Background: Nanoparticles (NPs) suffer from rapid clearance from body and require frequent
dosing if long treatment is required.
Method: In order to solve this problem for solid lipid nanoparticles (SLN) and prolong their action,
SLNs were incorporated into thermo-responsive Poloxamer sol-gels and their fate was investigated invivo
and in-vitro using a near infrared lipophilic fluorescent dye; dialkylcarbocyanin . Leakage test,
release of intact SLNs from sol-gel and SLN size and zeta potential were investigated. Biodistribution
of DiR formulations (solution, free SLN and SLN-Gel) was investigated by whole-body and ex-vivo
organ imaging after intraperitoneal injection in mice. SLN showed particle size of about 165 nm and a
negative zeta potential of about -36 mV.
Results: Leakage studies indicated that fluorescent probe does not release from SLNs. Imaging results
revealed a steady profile for SLN-Gel over time, while the fluorescence intensity of solution and free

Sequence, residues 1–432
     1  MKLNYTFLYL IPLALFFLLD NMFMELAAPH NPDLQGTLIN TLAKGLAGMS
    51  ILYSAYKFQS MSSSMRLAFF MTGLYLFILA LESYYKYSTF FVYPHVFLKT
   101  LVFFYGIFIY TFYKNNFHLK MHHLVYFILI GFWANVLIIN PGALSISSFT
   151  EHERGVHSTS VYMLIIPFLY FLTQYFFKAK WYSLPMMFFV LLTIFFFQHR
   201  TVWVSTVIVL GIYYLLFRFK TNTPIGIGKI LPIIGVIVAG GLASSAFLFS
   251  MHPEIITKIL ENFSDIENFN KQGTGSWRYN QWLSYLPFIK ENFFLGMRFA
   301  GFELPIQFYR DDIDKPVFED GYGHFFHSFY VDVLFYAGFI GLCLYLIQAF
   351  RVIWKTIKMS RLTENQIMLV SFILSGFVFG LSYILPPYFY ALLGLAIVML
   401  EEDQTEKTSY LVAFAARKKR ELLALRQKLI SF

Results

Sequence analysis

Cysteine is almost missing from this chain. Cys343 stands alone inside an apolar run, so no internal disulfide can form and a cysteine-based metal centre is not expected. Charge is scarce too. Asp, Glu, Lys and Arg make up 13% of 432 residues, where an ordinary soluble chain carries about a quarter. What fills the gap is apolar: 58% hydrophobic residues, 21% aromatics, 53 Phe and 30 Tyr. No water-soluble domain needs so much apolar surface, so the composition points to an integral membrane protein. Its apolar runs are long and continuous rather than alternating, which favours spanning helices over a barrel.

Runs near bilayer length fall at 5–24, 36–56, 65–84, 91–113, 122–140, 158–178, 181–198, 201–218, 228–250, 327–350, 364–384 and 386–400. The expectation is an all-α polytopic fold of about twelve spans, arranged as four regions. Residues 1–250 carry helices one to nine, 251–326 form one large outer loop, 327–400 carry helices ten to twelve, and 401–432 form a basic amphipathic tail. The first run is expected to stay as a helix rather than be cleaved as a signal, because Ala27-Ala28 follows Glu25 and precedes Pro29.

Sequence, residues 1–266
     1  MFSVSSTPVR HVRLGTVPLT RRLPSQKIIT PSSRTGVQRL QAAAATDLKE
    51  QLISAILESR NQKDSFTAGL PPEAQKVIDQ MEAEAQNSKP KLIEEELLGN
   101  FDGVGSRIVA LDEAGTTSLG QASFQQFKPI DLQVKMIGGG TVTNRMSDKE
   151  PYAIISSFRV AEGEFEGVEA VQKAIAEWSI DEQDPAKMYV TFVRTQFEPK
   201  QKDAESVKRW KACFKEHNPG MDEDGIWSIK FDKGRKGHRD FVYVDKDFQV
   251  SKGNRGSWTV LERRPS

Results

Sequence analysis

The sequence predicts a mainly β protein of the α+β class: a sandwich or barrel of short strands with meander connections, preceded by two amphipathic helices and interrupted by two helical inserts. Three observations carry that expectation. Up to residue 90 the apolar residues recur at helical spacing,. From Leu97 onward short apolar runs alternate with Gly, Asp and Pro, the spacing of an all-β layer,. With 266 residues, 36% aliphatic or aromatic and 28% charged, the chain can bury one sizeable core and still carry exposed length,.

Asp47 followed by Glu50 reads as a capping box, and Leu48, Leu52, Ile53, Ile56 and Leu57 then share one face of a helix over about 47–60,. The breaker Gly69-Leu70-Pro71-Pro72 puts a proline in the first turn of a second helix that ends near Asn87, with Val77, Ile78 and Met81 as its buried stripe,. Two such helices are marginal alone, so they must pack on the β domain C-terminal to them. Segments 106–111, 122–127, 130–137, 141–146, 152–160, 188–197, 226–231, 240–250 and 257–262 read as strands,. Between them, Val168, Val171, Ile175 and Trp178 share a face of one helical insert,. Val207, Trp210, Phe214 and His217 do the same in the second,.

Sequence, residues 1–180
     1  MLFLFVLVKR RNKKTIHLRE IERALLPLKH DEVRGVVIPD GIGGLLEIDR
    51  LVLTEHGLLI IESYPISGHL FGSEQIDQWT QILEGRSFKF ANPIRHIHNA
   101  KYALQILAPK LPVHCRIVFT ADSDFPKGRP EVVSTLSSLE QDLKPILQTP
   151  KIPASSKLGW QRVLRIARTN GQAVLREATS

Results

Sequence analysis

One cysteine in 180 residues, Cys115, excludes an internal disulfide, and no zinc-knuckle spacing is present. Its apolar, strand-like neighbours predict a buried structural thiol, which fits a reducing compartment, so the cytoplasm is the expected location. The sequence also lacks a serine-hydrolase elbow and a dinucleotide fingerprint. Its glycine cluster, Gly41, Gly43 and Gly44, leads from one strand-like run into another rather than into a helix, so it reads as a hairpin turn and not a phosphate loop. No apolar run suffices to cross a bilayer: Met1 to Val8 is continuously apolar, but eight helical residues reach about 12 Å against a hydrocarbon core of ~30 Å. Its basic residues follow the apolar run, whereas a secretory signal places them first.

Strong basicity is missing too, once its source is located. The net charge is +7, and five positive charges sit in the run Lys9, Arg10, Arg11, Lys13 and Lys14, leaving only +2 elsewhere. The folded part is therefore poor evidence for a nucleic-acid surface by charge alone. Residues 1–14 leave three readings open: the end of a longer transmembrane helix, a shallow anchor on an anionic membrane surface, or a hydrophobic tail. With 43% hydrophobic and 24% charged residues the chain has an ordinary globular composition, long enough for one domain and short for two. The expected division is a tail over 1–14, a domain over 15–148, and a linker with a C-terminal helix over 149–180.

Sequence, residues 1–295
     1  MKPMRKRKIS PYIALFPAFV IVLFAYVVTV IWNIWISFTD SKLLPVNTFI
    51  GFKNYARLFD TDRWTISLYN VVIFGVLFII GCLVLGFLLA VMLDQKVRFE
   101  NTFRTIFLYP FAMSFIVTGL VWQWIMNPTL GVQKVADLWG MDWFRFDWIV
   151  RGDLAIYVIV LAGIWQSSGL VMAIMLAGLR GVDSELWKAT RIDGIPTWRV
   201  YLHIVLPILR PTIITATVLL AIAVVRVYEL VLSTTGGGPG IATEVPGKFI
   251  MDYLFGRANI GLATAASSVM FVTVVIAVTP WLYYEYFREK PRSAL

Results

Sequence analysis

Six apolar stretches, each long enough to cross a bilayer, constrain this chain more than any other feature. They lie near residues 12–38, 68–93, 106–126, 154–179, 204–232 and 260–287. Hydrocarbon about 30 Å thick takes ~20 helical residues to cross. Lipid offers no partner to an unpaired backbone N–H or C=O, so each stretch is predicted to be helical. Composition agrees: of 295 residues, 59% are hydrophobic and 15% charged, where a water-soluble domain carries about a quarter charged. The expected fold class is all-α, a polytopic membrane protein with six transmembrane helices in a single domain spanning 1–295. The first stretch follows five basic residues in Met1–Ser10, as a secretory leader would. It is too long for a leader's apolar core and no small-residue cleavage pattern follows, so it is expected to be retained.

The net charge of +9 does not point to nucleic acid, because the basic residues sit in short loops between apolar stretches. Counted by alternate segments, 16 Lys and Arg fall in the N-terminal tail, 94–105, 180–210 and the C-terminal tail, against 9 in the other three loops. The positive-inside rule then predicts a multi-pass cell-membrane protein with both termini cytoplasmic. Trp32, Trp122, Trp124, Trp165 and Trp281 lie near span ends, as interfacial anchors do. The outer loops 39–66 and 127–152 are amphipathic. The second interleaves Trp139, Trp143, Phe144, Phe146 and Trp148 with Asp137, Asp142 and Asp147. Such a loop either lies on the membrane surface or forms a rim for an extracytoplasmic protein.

SLN showed a burst followed by rapid clearance. Results also showed that SLN release occurs after gel
erosion and follows a zero order profile.
Conclusion: Our results indicate that NP-incorporated gel can be used to control the release of SLNs
from application site and prolong their action in a sustained manner.
Keywords: Controlled release, fluorescence reflectance imaging, in-situ forming gels, solid lipid nanoparticle, SLN, thermoresponsive,
tissue imaging, whole-body imaging.
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